Premier League referees to be more lenient on handball after outcry

Paul MacInnes
·2-min read
<span>Photograph: Richard Heathcote/PA</span>
Photograph: Richard Heathcote/PA

Premier League referees are to take a lenient approach to applying the new handball law after an outcry from across the game.

This season there have been five penalties awarded for handball in three matchdays, compared with 19 across the whole of the last top-flight season. The change has been blamed on a new interpretation of handball which punishes a defender if the ball strikes their arm in an “unnatural” position.

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After criticism from managers and players, Premier League club executives on Tuesday endorsed a change which would give referees more leeway in interpreting the law. The change has been endorsed by Ifab, the body which sets the laws of the game.

The strategy will be implemented from this weekend and it is expected to flip the approach applied in preceding weeks. Instead of looking for “unnatural” body shapes a referee will be invited to consider whether a player could be expected to have their arms in such a position given the way they were standing, or how they were interacting with opponents.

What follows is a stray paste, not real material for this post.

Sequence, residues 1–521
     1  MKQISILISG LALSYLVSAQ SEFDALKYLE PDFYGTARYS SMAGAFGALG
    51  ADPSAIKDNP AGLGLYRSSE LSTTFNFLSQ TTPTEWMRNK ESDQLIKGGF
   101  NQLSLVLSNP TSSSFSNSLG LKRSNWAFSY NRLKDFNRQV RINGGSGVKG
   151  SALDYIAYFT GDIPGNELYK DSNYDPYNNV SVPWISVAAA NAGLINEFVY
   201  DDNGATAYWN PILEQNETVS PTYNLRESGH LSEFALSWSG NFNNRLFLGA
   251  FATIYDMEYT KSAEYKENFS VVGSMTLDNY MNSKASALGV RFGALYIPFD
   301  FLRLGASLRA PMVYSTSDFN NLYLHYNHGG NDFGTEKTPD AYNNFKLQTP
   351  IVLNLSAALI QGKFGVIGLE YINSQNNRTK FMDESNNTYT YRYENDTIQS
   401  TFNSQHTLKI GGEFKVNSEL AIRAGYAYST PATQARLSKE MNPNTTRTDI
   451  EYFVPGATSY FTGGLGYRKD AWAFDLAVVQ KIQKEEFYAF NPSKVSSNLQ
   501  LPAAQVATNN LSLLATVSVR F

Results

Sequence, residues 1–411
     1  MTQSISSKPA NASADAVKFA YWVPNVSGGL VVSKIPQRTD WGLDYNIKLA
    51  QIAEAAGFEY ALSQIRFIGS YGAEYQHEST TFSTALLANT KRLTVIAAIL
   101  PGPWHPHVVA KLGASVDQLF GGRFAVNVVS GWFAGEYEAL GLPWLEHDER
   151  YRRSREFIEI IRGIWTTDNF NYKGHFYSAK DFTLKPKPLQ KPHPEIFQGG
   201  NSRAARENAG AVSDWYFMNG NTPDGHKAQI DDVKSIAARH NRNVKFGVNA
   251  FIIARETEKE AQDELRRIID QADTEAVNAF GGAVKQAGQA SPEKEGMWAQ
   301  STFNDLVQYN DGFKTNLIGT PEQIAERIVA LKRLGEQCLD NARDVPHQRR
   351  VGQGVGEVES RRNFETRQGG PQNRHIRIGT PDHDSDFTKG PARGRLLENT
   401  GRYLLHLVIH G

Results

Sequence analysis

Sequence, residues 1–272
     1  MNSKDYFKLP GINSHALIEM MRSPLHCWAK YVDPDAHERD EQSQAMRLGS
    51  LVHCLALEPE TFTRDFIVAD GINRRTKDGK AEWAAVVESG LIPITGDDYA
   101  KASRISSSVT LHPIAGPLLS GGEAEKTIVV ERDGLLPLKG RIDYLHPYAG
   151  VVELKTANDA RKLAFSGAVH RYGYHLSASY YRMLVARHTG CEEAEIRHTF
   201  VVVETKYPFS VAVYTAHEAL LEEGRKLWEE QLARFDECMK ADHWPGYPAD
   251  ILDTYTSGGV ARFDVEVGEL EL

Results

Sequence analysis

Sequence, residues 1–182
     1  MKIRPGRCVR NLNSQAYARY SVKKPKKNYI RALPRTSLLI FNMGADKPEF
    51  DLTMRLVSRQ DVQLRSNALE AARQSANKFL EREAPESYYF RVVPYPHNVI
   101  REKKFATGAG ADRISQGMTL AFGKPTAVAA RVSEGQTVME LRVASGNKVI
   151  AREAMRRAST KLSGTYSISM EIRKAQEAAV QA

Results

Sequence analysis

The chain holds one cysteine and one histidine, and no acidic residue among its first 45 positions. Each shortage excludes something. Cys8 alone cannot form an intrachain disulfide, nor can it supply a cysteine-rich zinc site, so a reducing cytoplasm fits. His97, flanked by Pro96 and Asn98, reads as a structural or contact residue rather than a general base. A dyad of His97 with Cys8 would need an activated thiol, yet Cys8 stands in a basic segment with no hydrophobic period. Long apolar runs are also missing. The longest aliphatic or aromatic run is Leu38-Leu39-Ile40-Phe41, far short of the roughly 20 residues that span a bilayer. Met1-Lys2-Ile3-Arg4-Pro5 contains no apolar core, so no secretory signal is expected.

A separate clause in the handball rule which calls a foul if a player has the hand above their shoulder when struck will not be changed.

Under the new interpretation the majority of penalties given for handball this season would not have been awarded. They include the controversial spot-kicks awarded against Crystal Palace’s Joel Ward and Manchester United’s Victor Lindelöf. The penalty given late on against Eric Dier in Tottenham’s match against Newcastle would stand, though.

Dier called for a change in the laws following the decision, which gave Newcastle a late point. “Everyone’s on the same page,” he told the BBC. “Something has to change.”

Dier’s hand was above his shoulder, however, meaning the penalty would stand. The fact that he was caught from behind by a hard-driven ball from an opponent at close quarters would not be taken into consideration.

The change in approach comes early in a congested season and the Premier League insists it is consistent with the spirit of the new handball rules. But after Fifa took control of VAR in an attempt to standardise refereeing across the globe, three weeks in the Premier League is beginning to diverge.